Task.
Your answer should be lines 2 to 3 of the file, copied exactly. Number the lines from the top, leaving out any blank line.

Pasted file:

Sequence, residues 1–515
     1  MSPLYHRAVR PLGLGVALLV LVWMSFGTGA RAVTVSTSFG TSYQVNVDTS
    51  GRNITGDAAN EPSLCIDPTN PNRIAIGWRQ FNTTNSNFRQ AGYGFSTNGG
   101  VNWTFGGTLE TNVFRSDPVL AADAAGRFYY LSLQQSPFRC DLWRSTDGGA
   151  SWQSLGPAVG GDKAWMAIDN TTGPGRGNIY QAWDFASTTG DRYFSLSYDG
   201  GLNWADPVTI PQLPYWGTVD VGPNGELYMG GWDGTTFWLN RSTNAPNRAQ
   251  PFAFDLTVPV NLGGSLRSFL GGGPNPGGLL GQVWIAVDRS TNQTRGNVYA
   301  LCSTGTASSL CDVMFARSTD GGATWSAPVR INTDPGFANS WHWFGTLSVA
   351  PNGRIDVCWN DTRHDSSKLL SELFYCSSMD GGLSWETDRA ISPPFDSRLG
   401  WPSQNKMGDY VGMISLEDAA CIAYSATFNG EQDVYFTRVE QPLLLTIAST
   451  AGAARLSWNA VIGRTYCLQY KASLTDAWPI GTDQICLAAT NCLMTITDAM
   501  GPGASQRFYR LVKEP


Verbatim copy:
     1  MSPLYHRAVR PLGLGVALLV LVWMSFGTGA RAVTVSTSFG TSYQVNVDTS
    51  GRNITGDAAN EPSLCIDPTN PNRIAIGWRQ FNTTNSNFRQ AGYGFSTNGG